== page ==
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Fully automated therapeutic drug monitoring of anti-epileptic drugs making use of dried blood spots

Velghe, Sofie, Deprez, Sigrid, Stove, Christophe P.
Journal of chromatography 2019 v.1601 pp. 95-103
ambient temperature, automation, blood, developing countries, drying, guidelines, hematocrit, liquid chromatography, metabolites, monitoring, patients, phenobarbital, phenytoin, solvents, storage temperature, tandem mass spectrometry, therapeutics, valproic acid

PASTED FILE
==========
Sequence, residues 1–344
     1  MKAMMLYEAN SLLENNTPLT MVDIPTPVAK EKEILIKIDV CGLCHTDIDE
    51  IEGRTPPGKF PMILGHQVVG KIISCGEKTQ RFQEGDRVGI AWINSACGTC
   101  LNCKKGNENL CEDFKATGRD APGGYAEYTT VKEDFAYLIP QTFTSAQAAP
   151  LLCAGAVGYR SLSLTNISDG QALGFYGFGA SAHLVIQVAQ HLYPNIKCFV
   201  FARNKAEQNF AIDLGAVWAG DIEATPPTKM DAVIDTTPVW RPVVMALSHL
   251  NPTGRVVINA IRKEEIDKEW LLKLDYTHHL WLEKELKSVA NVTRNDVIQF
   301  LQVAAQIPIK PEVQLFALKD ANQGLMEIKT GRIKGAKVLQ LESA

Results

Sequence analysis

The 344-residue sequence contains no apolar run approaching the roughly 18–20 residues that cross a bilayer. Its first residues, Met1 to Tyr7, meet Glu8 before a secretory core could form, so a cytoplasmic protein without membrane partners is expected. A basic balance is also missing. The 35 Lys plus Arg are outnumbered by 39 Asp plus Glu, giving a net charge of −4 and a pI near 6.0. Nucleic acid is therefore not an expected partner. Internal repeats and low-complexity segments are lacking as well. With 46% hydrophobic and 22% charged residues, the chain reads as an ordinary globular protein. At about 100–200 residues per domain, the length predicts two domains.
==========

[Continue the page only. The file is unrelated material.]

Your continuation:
Fully automated dried blood spot (DBS) extraction systems, online coupled to standard liquid chromatography-tandem mass spectrometry (LC–MS/MS) configurations, decrease the hands-on time associated with conventional DBS analysis, resulting in a higher sample throughput, making the technique more compatible with a high-capacity bioanalytical workflow. The aim of this study was to develop and validate an LC–MS/MS method, using a DBS-MS 500 autosampler, for the determination and quantification of four anti-epileptic drugs (carbamazepine, valproic acid, phenobarbital and phenytoin) and one active metabolite (carbamazepine-10,11-epoxide) in DBS samples. Method development included thorough optimization of the fully automated extraction procedure (i.e. extraction solvent, extraction (loop) volume, internal standard application, internal standard drying time, etc.). The method was fully validated based on international guidelines. Accuracy (%bias), as well as precision (%RSD) (with a single exception) were below 13%. Neither carry-over nor unacceptable interferences were observed. All compounds were stable in DBS for at least 1 month when stored at room temperature, 4 °C and −20 °C and for at least 4 days when stored at 60 °C. Internal standard-corrected matrix effects were below 8%, with %RSDs below 9.1%. Reproducible relative recovery values (around 60% for all analytes) were obtained and the effect of the hematocrit on the relative recovery was overall limited. Successful application on capillary patient samples originating from developing countries demonstrated the applicability of the developed procedure in a remote setting.